Biology gives you a brain. Life turns it into a mind.
Jeffrey Eugenides, (Middlesex)
Everyone’s Bucket List should include an obligatory trip into the brain, that beautiful domain, that inner space, that ample geography where spirituality and everyday living intersect, where the big thoughts of science and spirituality and the trivial, the quotidian and the routine co-exist.
Conversations with Anna took a turn off the strictly spiritual path and into an examination of the novelties in brain research towards the end of the decade. It may have been a result of witnessing the psychological unraveling of a neighbour mid way through the decade of conversations, that Anna and her Reader became fascinated with the brain. No amount of psychotropic medications nor electro convulsive therapies could stop the intractable progression of depression that led to the undoing of Anna’s long time friend. The loss of memory and of cognition by gradual dementia or by vascular events such as strokes are common place in the aging population in any case, and Anna and her Reader were by then, members in very good standing of the geriatric set.
Anna Kapusinsky, in a prior incarnation as nurse Kappy to her patients, was once again in her element recalling the anatomy of the brain and the function of each of its parts while reading The Brain that Changes Itself by Norman Doige.
Anna had been at McGill University when Dr. Wilder Penfield pioneered his brain mapping techniques which would lead to the exciting current findings about the brain and its still unknown potential.
Discussions of memory were absorbing: long term and short term storage and retrieval of memory, the impact of physical trauma, aging and memory loss, brain trauma through accident or by strokes, rewiring the circuits of the brain through therapy and especially the discovery of neuroplasticity.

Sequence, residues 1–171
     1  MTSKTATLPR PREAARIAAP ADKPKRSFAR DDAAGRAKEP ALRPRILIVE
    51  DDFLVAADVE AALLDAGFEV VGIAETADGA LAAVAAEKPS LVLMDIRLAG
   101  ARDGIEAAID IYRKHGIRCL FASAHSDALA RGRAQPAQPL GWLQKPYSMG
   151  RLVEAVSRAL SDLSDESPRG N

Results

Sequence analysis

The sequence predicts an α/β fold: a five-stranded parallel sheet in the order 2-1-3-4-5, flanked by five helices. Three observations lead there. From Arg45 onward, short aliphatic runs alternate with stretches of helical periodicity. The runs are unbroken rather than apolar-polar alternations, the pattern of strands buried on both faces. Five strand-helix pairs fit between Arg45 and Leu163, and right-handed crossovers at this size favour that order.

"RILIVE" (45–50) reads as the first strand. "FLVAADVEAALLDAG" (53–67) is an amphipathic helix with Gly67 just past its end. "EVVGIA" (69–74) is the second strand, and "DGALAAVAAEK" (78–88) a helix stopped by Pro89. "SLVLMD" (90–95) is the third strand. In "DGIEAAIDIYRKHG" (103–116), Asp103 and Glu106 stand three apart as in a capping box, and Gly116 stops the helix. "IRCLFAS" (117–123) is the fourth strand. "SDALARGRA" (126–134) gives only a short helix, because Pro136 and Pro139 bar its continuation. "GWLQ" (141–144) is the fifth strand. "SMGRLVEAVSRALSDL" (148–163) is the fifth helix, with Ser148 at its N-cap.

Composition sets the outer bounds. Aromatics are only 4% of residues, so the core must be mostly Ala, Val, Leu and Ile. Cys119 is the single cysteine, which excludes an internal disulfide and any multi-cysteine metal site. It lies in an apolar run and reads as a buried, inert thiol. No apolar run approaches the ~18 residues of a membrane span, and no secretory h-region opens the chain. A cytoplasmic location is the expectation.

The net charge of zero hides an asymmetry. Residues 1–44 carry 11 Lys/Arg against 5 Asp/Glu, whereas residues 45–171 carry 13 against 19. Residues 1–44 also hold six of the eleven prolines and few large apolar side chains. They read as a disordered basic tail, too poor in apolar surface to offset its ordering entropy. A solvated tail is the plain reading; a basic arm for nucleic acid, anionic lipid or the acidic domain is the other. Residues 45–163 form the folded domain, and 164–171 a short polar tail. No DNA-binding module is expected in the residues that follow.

The discovery of neuroplasticity, that our thoughts can change the structure and function of our brains, even into old age, is the most important breakthrough in our understanding of the brain in four hundred years.
The examination of this emerging research in the brain gave comfort to Anna and her Reader that even at this stage of our lives there was still room to grow. We were assured that even with the normal massive losses of brain cells, the aging population can still experience growth of neurons. Recent research encourages the use of the aging brain in ways that are more demanding than for routine everyday life.
The Wisdom Paradox confirmed that a long life of experiences confers benefits despite the obvious age related declines. Seniors still possess faculties worth celebrating:
In THE WISDOM PARADOX, world-renowned neuropsychologist Elkhonon Goldberg argues that although some mental abilities (such as recent-memory recall) decline as the mind enters the autumn season of our lifespan and we increasingly experience ‘senior moments’, the brain actually becomes more powerful in its ability to recognize patterns. As a result, we are able to make decisions at more intuitive and effective levels
Luria Neuroscience Institute
For the curious, below are interesting links to the books discussed
The Brain (http://www.brainwaves.com/)
Brain anatomy http://science.nationalgeographic.com/science/health-and-human-body/
Pattern recognition and the acquisition of wisdom. Goldenberg (The Wisdom Paradox)
*Post Scriptum: Of course “use it or lose it” is a gross oversimplification. Some diseases of the brain may not be mitigated by whatever means one can imagine. At least one respected family member, a brilliant man, a physicist who remained intellectually engaged all his life was struck with Lewy Body Dementia. You may use it and still lose it.